In this frame grab taken from video on Saturday, July 13, 2019, and distributed by Roscosmos Space Agency Press Service, a Russian Proton-M rocket takes off from the launch pad at Russia's space facility in Baikonur, Kazakhstan. A Russian Proton-M rocket successfully delivered a cutting-edge space telescope into orbit Saturday after days of launch delays, Russia's space agency said. (Roscosmos Space Agency Press Service photo via AP)
MOSCOW, July 14: A Russian Proton-M rocket successfully delivered a cutting-edge space telescope into orbit Saturday after days of launch delays, Russia’s space agency said.
Roscosmos said the telescope, named Spektr-RG, was delivered into a parking orbit before a final burn Saturday that kicked the spacecraft out of Earth’s orbit and on to its final destination: the L2 Lagrange point.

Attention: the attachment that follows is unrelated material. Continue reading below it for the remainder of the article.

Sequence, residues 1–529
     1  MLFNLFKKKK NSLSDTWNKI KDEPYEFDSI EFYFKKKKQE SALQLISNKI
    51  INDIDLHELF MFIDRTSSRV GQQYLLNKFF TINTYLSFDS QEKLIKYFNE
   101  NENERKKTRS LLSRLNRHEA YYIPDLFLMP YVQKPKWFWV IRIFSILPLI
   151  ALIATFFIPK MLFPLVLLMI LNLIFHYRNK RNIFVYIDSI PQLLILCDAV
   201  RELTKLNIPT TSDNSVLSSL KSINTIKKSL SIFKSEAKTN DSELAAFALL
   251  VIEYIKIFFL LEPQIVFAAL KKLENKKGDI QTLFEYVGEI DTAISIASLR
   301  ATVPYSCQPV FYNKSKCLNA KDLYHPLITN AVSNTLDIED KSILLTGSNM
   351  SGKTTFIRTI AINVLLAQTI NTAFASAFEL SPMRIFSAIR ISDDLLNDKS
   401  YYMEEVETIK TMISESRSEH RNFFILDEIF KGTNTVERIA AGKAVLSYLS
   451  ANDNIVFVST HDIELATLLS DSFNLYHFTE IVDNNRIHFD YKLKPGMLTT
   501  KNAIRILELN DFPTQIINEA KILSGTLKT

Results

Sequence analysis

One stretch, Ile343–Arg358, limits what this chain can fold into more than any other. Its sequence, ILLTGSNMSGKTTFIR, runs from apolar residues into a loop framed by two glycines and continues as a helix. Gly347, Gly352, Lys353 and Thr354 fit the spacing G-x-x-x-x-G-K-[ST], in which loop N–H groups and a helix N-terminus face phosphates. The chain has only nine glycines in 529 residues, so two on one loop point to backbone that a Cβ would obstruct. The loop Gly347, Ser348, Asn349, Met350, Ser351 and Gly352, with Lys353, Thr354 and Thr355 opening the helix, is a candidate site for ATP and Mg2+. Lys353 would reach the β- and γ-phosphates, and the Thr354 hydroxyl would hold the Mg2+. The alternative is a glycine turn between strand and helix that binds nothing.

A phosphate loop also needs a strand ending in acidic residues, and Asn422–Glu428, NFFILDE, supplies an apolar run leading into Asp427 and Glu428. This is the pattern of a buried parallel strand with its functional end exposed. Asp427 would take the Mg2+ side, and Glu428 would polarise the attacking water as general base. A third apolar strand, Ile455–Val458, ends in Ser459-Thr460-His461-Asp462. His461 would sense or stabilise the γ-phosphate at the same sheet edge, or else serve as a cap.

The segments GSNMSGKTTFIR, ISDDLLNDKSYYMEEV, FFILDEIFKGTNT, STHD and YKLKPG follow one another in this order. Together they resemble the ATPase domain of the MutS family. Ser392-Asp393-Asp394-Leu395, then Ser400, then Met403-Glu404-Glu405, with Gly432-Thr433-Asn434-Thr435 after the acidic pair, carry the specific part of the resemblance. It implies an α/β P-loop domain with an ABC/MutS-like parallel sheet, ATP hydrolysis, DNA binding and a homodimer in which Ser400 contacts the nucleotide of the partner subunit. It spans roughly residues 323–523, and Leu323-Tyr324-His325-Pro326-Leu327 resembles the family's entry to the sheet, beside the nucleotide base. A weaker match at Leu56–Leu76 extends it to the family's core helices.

Lagrange points are unique positions in the solar system where objects can maintain their position relative to the sun and the planets that orbit it. Located 1.5 million kilometers (0.93 million miles) from Earth, L2 is particularly ideal for telescopes such as Spektr-RG.
If all goes well, the telescope will arrive at its designated position in three months, becoming the first Russian spacecraft to operate beyond Earth’s orbit since the Soviet era. The telescope aims to conduct a complete x-ray survey of the sky by 2025, the first space telescope to do so.
The Russian accomplishment comes as the U.S. space agency NASA celebrates the 50th anniversary of the Apollo 11 moon landing on July 20, 1969.
Russian space science missions have suffered greatly since the 1991 collapse of the Soviet Union. Budget cuts have forced the Russian space program to shift toward more commercial efforts.
A Russian Mars probe, called Mars 96, failed to leave Earth’s orbit in 1996. A later attempt to send a probe to Mars, called Fobos-Grunt, suffered a similar fate in 2011.
Work on Spektr-RG telescope began in the 1980s but was scrapped in the 1990s. Spektr-RG was revived in 2005 and redesigned to be smaller, simpler and cheaper.
In its modern form, the project is a close collaboration between Russian and German scientists, who both installed telescope equipment aboard the Russian spacecraft.